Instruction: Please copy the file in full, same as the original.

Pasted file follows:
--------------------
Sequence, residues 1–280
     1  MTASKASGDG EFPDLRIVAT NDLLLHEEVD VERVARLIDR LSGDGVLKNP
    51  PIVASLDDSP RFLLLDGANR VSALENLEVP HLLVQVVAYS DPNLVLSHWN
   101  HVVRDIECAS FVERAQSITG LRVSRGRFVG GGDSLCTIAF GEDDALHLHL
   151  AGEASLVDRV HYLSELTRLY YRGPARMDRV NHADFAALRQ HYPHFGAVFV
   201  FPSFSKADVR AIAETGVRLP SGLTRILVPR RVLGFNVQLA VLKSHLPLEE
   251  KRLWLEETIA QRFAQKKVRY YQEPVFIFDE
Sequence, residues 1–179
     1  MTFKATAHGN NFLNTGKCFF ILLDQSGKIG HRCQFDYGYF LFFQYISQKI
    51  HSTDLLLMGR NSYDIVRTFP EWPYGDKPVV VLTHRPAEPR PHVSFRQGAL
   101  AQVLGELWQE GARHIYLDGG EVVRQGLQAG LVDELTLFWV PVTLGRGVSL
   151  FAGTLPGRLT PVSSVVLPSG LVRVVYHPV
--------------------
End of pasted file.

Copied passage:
Sequence, residues 1–280
     1  MTASKASGDG EFPDLRIVAT NDLLLHEEVD VERVARLIDR LSGDGVLKNP
    51  PIVASLDDSP RFLLLDGANR VSALENLEVP HLLVQVVAYS DPNLVLSHWN
   101  HVVRDIECAS FVERAQSITG LRVSRGRFVG GGDSLCTIAF GEDDALHLHL
   151  AGEASLVDRV HYLSELTRLY YRGPARMDRV NHADFAALRQ HYPHFGAVFV
   201  FPSFSKADVR AIAETGVRLP SGLTRILVPR RVLGFNVQLA VLKSHLPLEE
   251  KRLWLEETIA QRFAQKKVRY YQEPVFIFDE
Sequence, residues 1–179
     1  MTFKATAHGN NFLNTGKCFF ILLDQSGKIG HRCQFDYGYF LFFQYISQKI
    51  HSTDLLLMGR NSYDIVRTFP EWPYGDKPVV VLTHRPAEPR PHVSFRQGAL
   101  AQVLGELWQE GARHIYLDGG EVVRQGLQAG LVDELTLFWV PVTLGRGVSL
   151  FAGTLPGRLT PVSSVVLPSG LVRVVYHPV